PhD project: Monitoring structural changes in three different ecophysiological biomes of the central Amazon basin to support carbon cycle modelling (International Max Planck Research School, Jena, Germany)
Max Planck Institute for Biogeochemistry
The Max Planck Institute for Biogeochemistry in Jena offers an exceptional dynamic, creative, international and multidisciplinary working environment.
We contribute to the understanding of how living organisms – including humans – exchange fundamental resources like water, carbon, nitrogen and energy with their environment, and how this affects and responds to global climate and environmental change.
Climate: Past, Present & Future (CL)
Geochemistry, Mineralogy, Petrology & Volcanology (GMPV)
- To characterize carbon storage relevant surface parameters
- To quantify aboveground carbon stocks and fluxes
- To estimate carbon turnover (C-storage/C-sequestration)
Methods and Data
Interpretation and comparison with LiDAR data from ATTO to look at structural changes (diameter and height increments) and/with topography.
Generation of carbon cycle relevant parameters (e.g. AGB, NPP, plant traits) from spaceborne remote sensing data synergies over time.
Interface development to carbon stocks and fluxes modelling.
Development of up- and down-scaling models from TLS to airborne to spaceborne sensors, exploitation of radar-optical synergies (including SAR interferometry), application and investigation of AI and DL approaches to massive time series, DEM and surface model generation, validation exercises (TLS, airborne lidar and photogrammetry).
Exploration of new data sources: Solar Induced Fluorescence (FLEX mission) for carbon stock estimation, upcoming NISAR mission.
Time frame of research: since start of Sentinels in 2016 with possible extension of time series to earlier published results (e.g. Landsat archives).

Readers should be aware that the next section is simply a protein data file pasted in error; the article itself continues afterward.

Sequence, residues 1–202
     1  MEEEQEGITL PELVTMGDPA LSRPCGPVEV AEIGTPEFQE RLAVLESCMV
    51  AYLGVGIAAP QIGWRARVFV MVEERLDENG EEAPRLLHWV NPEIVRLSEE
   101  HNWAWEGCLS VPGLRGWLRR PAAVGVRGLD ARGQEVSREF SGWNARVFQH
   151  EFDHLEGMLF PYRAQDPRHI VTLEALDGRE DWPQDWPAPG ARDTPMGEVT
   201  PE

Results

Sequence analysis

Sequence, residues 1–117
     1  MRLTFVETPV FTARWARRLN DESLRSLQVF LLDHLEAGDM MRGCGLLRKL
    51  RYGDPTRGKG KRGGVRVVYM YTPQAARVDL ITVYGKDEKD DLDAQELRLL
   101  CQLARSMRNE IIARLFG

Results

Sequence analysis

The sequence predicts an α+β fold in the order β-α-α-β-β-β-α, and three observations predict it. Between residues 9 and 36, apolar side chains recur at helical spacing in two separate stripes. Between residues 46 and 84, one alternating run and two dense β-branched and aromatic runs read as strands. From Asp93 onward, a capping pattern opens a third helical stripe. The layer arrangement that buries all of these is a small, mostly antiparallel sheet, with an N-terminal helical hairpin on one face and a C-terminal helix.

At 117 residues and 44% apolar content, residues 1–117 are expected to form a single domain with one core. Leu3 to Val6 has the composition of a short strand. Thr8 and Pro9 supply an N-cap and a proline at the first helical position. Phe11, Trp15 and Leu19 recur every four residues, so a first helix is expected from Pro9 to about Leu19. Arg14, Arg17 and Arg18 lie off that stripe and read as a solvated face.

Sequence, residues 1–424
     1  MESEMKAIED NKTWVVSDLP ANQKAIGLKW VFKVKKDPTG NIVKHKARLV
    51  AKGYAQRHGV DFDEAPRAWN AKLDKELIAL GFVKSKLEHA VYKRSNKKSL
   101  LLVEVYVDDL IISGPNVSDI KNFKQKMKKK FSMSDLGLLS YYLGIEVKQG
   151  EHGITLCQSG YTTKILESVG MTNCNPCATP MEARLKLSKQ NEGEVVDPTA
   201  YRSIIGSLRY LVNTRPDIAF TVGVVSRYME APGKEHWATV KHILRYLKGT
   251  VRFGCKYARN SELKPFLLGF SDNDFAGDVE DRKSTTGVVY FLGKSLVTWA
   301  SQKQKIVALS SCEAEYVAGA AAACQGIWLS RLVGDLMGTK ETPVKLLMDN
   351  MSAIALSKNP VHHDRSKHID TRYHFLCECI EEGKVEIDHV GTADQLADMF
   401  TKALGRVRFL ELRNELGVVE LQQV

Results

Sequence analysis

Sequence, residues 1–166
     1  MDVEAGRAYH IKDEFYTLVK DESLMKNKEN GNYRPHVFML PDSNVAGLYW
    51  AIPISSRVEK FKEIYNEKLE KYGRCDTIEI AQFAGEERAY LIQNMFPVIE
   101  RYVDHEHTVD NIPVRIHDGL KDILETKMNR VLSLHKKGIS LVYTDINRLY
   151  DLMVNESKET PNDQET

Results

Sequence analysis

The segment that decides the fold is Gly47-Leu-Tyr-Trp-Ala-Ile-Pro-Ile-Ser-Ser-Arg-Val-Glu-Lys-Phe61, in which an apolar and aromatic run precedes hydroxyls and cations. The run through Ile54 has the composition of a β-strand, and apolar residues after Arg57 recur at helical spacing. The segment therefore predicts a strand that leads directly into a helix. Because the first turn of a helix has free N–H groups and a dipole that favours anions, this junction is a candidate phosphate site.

Working group & planned collaborations
MPI-BGC Department Biogeochemical Processes, FSU Jena Department for Earth Observation
Planned project collaborations and research sites
ATTO: pristine rainforest with near-pristine atmosphere in the wet season and an atmosphere notably influenced by human activity in the dry season
BONDS plus follow-on project until 2024 (jointly with Laura Hess from UCSB): tropical floodplains with two major white-water rivers (Amazon mainstem and Juruá)
Stanford University Project: inundation mapping for peatlands/wetland classification (jointly with Alison Hoyt)
Applications to the IMPRS-gBGC are open to well-motivated and highly-qualified students from all countries. Prerequisites for this PhD project are:
- a Master’s degree environmental science, geosciences, geography with a strong remote sensing background
- Computational skills:
- programming skills (such as IDL, Matlab, R, Python or Julia)
- processing and analyzing large data sets
- machine learning techniques
- remote sensing data handling
- Interest in field work in Brazil
- Excellent oral and written communication skills in English, knowledge of German and Portugese is an asset
The Max Planck Society seeks to increase the number of women in those areas where they are underrepresented and therefore explicitly encourages women to apply. The Max Planck Society is committed to increasing the number of individuals with disabilities in its workforce and therefore encourages applications from such qualified individuals.
Application deadline for the fully funded PhD positions is August 23, 2021.
Your application consists of three steps:
- Online registration & submission of application documents (June 30 – August 23, 2021)
- (Possibly) Phone or video conference interview (until September 10, 2021),
- Recruitment event in Jena (October 13-15, 2021)
Find out more and apply online: www.imprs-gbgc.de